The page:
Monday, January 18, 2016

MLB Home versus Away Win Proportions

MLB Home versus Away Win Proportions

This post considers the test for a difference in home vs. away win proportions for all MLB teams in the 2015 regular season.

Question:  Test whether the home win proportion differs from the away win proportion for all MLB teams during the 2015 regular season.

What can we say about the null hypothesis that the difference between the home and away win proportion is zero for all MLB teams during the 2015 regular season?

Can we conclude that home field advantage is equally important for all MLB teams?

Can we conclude that most teams are significantly more likely to win at home than away?

Analysis:  We conduct a t-test on the hypothesis that the home win proportion was identical to the road win proportion for all MLB teams.   The Excel based calculator used in this t-test was developed in a previous post.

All one has to in order to run this calculator is input the four home/away win loss numbers and copy the formulas.   The calculator results for the American League East are presented below.

 AL East Results Label Toronto New York Baltimore Tamp Bay Boston Observed Win/Home 53 45 47 42 43 Observed Lose/Home 28 36 31 42 38 Observed Win Away 40 42 34 38 35 Observed Lose Away 41 39 50 40 46 Total Home 81 81 78 84 81 Total Away 81 81 84 78 81 Win Probability Home 0.654 0.556 0.603 0.500 0.531 Win Probability Away 0.494 0.519 0.405 0.487 0.432 Diff Win Probabilities 0.160 0.037 0.198 0.013 0.099 Pooled Variance 0.238 0.248 0.240 0.250 0.247 Standard Error 0.077 0.078 0.077 0.079 0.078 t-statistic 2.093 0.473 2.567 0.163 1.264 p-value 0.036 0.636 0.010 0.870 0.206

The difference in proportions and the p-value for test results of the hypothesis that the home-win proportion is equal to the away-win proportion for all major-league teams are presented below.

 Results of Test for Hypothesis that Home and Away Win  Probabilities are Identical -- Regular Season 2015 Team Diff Probability Home Win - Probability Away Win p-value Toronto 0.160 0.0363 New York 0.037 0.6362 Baltimore 0.198 0.0103 Tamp Bay 0.013 0.8704 Boston 0.099 0.2062 Kansas City 0.086 0.2623 Minnesota 0.111 0.1546 Cleveland -0.031 1.3062 Chicago 0.049 0.5284 Detroit 0.019 0.8075 Texas -0.025 1.2477 Houston 0.247 0.0012 Los Angeles 0.160 0.0382 Seattle -0.049 1.4716 Oakland 0.000 1.0000 New York 0.099 0.2037 Washington 0.111 0.1546 Miami 0.136 0.0787 Atlanta 0.210 0.0055 Philadelphia 0.136 0.0734 Saint Louis 0.123 0.1032 Pittsburgh 0.099 0.1962 Chicago 0.012 0.8726 Milwaukee 0.000 1.0000 Cincinnati 0.049 0.5198 Los Angeles 0.222 0.0034 San Francisco 0.123 0.1131 Arizona -0.012 1.1249 San Diego 0.049 0.5276 Colorado 0.049 0.5237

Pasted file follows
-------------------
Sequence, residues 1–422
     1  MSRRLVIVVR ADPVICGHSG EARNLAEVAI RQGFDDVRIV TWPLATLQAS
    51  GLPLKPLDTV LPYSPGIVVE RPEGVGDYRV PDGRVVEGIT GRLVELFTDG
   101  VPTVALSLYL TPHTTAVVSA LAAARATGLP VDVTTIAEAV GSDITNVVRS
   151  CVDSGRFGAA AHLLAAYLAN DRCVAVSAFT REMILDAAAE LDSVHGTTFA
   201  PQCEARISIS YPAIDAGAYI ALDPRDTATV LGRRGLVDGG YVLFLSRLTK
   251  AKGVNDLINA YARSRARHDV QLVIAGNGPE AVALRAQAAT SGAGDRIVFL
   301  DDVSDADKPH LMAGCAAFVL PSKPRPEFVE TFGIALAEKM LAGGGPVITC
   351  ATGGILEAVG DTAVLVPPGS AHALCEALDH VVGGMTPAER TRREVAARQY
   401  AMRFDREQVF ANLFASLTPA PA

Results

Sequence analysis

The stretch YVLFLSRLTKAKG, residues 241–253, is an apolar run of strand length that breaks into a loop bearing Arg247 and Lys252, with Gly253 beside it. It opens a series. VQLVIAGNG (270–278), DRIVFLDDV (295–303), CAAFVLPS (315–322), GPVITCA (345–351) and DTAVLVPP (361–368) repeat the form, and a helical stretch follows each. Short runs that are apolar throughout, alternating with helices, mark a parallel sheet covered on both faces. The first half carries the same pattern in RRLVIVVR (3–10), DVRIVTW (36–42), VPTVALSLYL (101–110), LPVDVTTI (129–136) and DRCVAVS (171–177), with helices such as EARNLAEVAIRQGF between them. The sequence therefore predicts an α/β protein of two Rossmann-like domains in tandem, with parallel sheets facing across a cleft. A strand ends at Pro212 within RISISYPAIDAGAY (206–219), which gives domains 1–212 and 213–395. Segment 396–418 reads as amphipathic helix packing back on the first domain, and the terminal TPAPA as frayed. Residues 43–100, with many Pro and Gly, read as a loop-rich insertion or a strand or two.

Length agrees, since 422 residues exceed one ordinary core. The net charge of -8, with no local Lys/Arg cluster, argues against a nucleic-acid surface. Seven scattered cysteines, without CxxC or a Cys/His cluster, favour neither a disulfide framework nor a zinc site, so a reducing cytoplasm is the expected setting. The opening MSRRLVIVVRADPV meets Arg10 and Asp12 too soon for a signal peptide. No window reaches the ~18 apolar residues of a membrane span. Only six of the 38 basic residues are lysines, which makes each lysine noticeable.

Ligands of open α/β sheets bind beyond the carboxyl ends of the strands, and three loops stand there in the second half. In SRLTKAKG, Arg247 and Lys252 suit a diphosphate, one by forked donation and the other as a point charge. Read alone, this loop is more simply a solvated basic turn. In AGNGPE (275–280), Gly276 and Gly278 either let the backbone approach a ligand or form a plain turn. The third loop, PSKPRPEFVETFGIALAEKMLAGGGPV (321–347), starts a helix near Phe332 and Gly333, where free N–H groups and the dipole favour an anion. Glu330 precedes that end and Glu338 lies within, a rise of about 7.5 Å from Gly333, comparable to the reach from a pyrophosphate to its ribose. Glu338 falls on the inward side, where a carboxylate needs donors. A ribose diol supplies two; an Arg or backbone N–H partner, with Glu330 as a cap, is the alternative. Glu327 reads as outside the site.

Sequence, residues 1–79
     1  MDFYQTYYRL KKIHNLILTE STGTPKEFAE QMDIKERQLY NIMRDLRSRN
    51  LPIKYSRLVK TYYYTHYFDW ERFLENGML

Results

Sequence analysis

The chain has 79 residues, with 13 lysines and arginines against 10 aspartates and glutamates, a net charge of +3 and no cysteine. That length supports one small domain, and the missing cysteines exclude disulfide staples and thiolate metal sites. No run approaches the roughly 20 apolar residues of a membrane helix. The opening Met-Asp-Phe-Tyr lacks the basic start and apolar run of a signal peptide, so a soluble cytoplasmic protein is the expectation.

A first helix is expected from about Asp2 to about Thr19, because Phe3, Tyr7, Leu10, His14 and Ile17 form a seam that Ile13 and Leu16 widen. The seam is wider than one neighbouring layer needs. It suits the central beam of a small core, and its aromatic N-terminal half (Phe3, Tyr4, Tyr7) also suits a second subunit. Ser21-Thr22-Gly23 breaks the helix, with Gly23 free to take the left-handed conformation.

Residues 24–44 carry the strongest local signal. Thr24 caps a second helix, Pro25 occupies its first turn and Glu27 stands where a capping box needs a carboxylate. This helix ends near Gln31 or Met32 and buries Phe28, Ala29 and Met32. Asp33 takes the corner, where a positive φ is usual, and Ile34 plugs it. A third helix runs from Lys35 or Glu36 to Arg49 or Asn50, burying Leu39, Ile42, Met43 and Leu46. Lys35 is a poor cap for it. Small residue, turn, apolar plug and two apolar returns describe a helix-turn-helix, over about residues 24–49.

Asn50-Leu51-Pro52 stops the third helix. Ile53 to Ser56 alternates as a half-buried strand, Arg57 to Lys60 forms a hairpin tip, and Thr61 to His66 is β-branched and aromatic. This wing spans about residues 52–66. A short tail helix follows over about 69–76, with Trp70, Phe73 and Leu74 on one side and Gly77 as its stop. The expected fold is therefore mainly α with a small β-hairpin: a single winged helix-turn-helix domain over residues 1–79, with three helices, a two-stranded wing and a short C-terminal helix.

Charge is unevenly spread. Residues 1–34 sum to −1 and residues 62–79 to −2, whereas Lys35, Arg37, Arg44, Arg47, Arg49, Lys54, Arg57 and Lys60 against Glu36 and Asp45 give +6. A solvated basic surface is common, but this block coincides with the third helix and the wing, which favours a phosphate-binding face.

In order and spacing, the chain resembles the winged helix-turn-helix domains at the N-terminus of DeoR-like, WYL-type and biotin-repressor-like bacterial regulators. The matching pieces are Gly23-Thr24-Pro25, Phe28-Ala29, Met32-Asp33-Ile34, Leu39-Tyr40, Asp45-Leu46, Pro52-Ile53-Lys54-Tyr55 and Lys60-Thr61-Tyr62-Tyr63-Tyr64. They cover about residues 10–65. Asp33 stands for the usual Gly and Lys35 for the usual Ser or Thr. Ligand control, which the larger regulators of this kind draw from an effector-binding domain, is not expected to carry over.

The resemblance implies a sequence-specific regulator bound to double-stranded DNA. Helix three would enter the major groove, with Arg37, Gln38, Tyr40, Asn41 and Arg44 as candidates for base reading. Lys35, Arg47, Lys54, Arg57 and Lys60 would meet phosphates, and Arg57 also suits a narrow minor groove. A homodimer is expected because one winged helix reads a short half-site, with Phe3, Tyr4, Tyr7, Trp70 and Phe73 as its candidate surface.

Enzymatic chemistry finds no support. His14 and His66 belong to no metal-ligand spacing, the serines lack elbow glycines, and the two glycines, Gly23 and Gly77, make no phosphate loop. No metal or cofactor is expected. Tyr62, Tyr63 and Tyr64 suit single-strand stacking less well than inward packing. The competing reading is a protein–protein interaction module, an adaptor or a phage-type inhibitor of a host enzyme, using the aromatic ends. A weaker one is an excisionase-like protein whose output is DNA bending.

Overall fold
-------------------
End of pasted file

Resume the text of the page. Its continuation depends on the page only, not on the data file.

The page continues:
Discussion of Test Results:

·      If the null hypothesis of no difference in home versus road win percentage was actually true for all major league teams the difference in probabilities would be positive around half the time and negative around half the time.   This clearly is not the case.   The difference between the probability of winning at home and the probability of winning on the road is greater than zero for twenty-four teams and less or equal to zero for six teams.

·      If the null hypothesis of no difference in the home and away win probability was true for all 30 teams we would expect to reject the null hypothesis for 3 teams if we choose a significance level of 0.10.   Furthermore, half of the significant rejections would be in the left tail and half in the right tail.   We reject the null hypothesis for eight teams.   All eight teams where the null hypothesis was rejected were in the right tail meaning their probability of winning at home was greater than their probability of wining on the road.   There was no team with a significantly greater win proportion on the road than at home.

·      The eight teams with a significant difference in home versus road win proportion are over 26 percent of the sample, a lot more than the expected 10 percent.

·      Note that for 22 of the 30 teams the difference between the home and road win proportion was not significantly different from zero.

Final Thoughts: We reject the null hypothesis of no difference between home and away win proportions for over 26 percent of MLB teams in the 2015 regular season.    This is a lot higher than what would have occurred if the null hypothesis of no difference was true for all teams.

However, the likelihood of winning at home versus winning on the road did not significantly differ for most teams.  Analysis based on pooled win-loss data across all teams would often overstate the importance of the home field advantage for many teams.   More on what these results suggest about whether we should build models on pooled or team specific models in subsequent posts.

Authors Note:  If you enjoyed this post you might also get some use out of my old book Statistical Applications of Baseball, available on Kindle.